The most common way to have hormone therapy is after surgery for breast cancer. You usually have it for 5 years or more. But exactly how long you have it depends on the type of drug and the side effects you may have.

You may also have hormone therapy before surgery. This is to try to shrink the cancer before the operation. This is called neo adjuvant hormone therapy. 

Targeted cancer drugs and immunotherapy for breast cancer

Targeted cancer drugs work by targeting the differences in cancer cells that help them to grow and survive. Immunotherapy works by helping our immune system Open a glossary item recognise and attack cancer cells.

There are a number of targeted cancer drugs but not all will be suitable for you. Some targeted drugs are only available if the breast cancer cells have certain receptors. For example, some breast cancers have large amounts of a protein called Human Epidermal Growth Factor 2 (HER2). These are HER2 positive breast cancers. So in this situation, you may have treatment that target the HER2 receptors. 

Your doctor may also suggest you have treatment with a type of targeted drug called a CDK4/6 inhibitor. These drugs work by blocking certain proteins that stimulate cancer cells to divide and grow. An example of this is a drug called abemaciclib. You may have abemaciclib if you have hormone receptor positive and HER2 negative breast cancer. 

Your doctor might suggest you have treatment with an immunotherapy drug called pembrolizumab. You may have pembrolizumab if you have triple negative breast cancer. This means that the cancer cells do not have receptors for:

  • the hormones oestrogen and progesterone
  • HER2

Treatment to strengthen the bones (bisphosphonates)

Bisphosphonates are drugs that help prevent or slow down bone thinning (osteoporosis). They can help to strengthen bones and reduce the risk of bones breaking.

You might have bisphosphonates to help prevent or slow down bone thinning. You may also have it to reduce the risk of breast cancer spreading to the bones if you have had the menopause. You usually have a drug called zoledronic acid or sodium clodronate.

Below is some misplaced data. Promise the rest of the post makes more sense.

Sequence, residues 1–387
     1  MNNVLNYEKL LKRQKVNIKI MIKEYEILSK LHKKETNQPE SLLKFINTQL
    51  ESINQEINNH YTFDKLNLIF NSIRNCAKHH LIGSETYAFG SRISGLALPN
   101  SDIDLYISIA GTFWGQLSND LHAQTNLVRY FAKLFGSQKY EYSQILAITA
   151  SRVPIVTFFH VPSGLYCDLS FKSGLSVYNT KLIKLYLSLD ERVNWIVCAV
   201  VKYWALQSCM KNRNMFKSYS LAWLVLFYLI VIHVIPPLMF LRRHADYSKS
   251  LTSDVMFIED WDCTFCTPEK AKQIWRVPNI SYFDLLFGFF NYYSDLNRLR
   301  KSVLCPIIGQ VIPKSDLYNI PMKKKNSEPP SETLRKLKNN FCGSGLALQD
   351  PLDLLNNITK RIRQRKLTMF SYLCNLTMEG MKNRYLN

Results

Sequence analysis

Computer tools to help you choose treatment

It can be difficult to choose the best treatment for you. Your doctor and specialist nurse will explain the different treatment options and help you make a decision. A specialised computer programme called Predict can also help you and your doctor decide which treatment might be best in you.

Doctors can type the details of your cancer into the computer database and then add in different types of treatment. The programme then tells how much each treatment reduces the chance of the cancer coming back. 

Speak to your doctor if you want to find out more about this or if you need help using the tool.

Testing genes to see if your breast cancer is likely to come back

Your doctor may suggest you have tumour profiling tests. These are also called gene expression profiling tests (GEP tests). The results give your doctor information about whether or not chemotherapy can lower the risk of your cancer coming back.

There are different types of tumour profiling tests for breast cancer. They include:

  • EndoPredict (EPclin score)
  • Oncotype DX Breast Recurrence Score
  • Prosigna

Doctors usually do this test by using a sample of the cancer taken during surgery. This means that you will not need any extra tests. Your doctor can tell you whether tumour profiling tests are an option for you.

Getting a second opinion

Treatment decisions can be complicated and confusing. You can ask for a second opinion if you would like to get another doctor's view on your treatment. This means going to see another specialist. They will need to see all your test results. 

Having a second opinion doesn't usually mean that the new doctor takes over your treatment and care. They discuss with you and your current doctor which is the best treatment approach to take.

It can take time to arrange a second opinion and it might mean that your treatment is delayed for a while.

It is worth discussing your treatment again with your current doctor first. Once you have heard why they are suggesting particular treatments, you might feel that you don't need a second opinion.

Write down all your questions before the appointment with your specialist. It can be difficult to remember everything you want to ask once you get there. Writing down your questions beforehand can help you to feel more confident during the discussion.

Having treatment as part of a clinical trial

Doctors are always trying to improve treatments and reduce side effects. Your doctor might ask you to participate in a clinical trial as part of your treatment. This might be to investigate a new test, a new cancer treatment or to look at different combinations of existing treatments.

Your doctor will tell you if there are any trials that you can enter.

JoC's breast cancer story

JoC was diagnosed with lobular cancer in 2021.

"I've had the cancer removed and a reconstruction of the breast. I'm awaiting radiotherapy and hormone suppression treatment."

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    DM Reid and others
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  • Predict breast cancer
    Last accessed June 2023

  • The information on this page is based on literature searches and specialist checking. We used many references and there are too many to list here. Please contact with details of the particular issue you are interested in if you need additional references for this information.

Last reviewed: 
30 Jun 2023
Next review due: 
30 Jun 2026